For more information: www.wustl.edu


Related Content

News | Magnetic Resonance Imaging (MRI)

April 10, 2024 — Online MRI and CT education leader, ImagingU, announced the launch of a new course for students and ...

Time April 10, 2024
arrow
Feature | Radiation Oncology | By Melinda Taschetta-Millane

In a new 3-part video series on advancements in diagnostic radiology with Robert L. Bard, MD, PC, DABR, FASLMS ...

Time April 10, 2024
arrow
News | Radiation Dose Management

April 9, 2024 — Mirion Dosimetry Services, a Mirion Medical company, today announced commercial availability of its ...

Time April 09, 2024
arrow
News | Ultrasound Imaging

April 9, 2024 — A new Society of Radiologists in Ultrasound (SRU) expert consensus statement to improve endometriosis ...

Time April 09, 2024
arrow
News | Magnetic Resonance Imaging (MRI)

April 8, 2024 — Magnetic resonance-guided focused ultrasound (MRgFUS) is a non-invasive technique for neuroregulation ...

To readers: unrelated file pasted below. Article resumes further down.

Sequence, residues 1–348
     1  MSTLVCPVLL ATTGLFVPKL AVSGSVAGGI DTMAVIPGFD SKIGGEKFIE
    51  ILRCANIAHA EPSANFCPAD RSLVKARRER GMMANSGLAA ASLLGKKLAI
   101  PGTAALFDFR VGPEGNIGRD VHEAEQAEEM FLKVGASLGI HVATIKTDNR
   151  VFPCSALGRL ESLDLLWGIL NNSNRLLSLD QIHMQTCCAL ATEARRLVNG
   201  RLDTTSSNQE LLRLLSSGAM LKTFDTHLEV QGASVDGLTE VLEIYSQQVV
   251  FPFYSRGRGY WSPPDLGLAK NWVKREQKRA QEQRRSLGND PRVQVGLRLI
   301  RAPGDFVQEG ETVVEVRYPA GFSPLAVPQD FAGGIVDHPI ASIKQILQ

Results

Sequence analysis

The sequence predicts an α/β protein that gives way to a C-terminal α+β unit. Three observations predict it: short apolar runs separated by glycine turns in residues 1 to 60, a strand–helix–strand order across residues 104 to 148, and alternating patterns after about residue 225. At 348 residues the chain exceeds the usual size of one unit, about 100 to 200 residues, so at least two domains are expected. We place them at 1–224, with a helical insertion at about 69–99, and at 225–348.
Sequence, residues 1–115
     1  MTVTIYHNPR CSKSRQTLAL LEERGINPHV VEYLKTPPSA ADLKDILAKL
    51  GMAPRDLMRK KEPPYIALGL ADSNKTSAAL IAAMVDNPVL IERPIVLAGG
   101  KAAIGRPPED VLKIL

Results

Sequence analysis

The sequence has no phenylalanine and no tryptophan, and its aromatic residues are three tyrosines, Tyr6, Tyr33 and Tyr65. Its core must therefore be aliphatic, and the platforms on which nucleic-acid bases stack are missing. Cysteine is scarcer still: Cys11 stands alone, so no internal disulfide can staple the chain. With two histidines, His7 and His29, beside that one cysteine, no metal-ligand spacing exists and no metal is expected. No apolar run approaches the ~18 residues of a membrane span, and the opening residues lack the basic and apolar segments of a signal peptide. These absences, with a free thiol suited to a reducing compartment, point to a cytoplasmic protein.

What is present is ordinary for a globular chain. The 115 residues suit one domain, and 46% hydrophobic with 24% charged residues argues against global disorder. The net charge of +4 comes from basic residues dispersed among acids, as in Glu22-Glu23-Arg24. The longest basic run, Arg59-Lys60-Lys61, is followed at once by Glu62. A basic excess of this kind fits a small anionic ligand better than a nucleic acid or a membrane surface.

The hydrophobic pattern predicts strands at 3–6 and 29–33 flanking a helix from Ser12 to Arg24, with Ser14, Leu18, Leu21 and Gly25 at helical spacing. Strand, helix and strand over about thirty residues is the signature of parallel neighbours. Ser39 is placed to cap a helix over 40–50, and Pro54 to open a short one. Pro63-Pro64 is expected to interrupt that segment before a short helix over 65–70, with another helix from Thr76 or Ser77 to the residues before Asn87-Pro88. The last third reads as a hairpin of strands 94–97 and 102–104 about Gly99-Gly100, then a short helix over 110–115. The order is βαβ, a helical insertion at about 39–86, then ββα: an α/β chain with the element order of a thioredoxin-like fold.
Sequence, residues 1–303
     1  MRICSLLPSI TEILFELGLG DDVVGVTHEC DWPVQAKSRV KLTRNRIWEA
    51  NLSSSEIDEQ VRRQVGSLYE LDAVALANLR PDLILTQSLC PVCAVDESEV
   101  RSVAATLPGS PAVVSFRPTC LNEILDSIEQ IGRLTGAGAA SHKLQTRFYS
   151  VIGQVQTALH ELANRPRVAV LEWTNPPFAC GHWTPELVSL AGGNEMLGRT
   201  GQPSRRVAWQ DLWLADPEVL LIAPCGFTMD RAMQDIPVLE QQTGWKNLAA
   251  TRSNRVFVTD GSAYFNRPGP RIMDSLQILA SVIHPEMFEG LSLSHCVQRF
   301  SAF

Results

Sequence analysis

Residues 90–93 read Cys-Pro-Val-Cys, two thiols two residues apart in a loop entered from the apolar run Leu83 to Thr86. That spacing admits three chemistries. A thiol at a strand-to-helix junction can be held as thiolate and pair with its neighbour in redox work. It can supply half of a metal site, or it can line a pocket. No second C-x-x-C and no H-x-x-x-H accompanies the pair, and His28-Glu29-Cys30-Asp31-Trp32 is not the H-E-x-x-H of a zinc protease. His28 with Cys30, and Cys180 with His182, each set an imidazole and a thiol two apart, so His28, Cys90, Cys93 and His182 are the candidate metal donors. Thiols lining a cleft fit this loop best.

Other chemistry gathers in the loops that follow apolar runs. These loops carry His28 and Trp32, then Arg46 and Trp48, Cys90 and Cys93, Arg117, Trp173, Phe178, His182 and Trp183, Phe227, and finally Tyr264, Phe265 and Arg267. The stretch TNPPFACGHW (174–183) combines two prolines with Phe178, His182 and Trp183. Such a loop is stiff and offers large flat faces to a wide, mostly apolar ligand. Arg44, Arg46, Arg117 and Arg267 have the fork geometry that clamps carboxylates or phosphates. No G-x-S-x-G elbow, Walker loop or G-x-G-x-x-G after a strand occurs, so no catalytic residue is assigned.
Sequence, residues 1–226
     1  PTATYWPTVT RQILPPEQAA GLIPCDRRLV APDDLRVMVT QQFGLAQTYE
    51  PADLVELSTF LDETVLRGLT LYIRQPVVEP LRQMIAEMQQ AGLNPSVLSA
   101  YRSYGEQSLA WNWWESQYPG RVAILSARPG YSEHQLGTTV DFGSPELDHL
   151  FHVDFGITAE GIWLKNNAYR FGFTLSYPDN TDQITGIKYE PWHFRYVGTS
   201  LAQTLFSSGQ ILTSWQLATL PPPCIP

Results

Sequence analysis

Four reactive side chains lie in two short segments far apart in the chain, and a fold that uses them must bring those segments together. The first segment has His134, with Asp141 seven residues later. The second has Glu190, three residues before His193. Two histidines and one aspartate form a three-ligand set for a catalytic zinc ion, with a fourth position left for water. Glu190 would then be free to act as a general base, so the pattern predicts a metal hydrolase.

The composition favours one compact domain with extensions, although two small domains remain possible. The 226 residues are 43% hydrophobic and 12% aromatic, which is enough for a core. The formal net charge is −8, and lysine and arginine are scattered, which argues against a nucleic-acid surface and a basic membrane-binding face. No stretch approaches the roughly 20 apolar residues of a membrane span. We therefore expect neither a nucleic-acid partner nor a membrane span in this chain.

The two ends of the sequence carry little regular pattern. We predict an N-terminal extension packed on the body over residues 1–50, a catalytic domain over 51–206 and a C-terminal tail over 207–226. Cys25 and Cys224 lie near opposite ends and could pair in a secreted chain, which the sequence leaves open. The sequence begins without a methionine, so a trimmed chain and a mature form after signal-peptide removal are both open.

Time April 08, 2024
arrow
News | Magnetic Resonance Imaging (MRI)

April 5, 2024 — Osteoarthritis — not age — may play the greatest role in determining the utility of MRI for patients 45 ...

Time April 05, 2024
arrow
News | Radiology Business

April 4, 2024 — FUJIFILM Healthcare Americas Corporation, a leading provider of diagnostic and enterprise imaging ...

Time April 04, 2024
arrow
Feature | Radiology Business | By Melinda Taschetta-Millane

Here is a snapshot of the Top 10 most-read content from ITN's viewers during the month of March: 1. Philips Teams with ...

Time April 04, 2024
arrow
News | Radiation Oncology

April 2, 2024 — In a 10-center study, microwave ablation offered progression free survival rates and fewer complications ...

Time April 02, 2024
arrow
News | X-Ray

April 1, 2024 — MinXray, a leading manufacturer of imaging systems for medical and veterinary use, recently sent its ...

Time April 01, 2024
arrow
Subscribe Now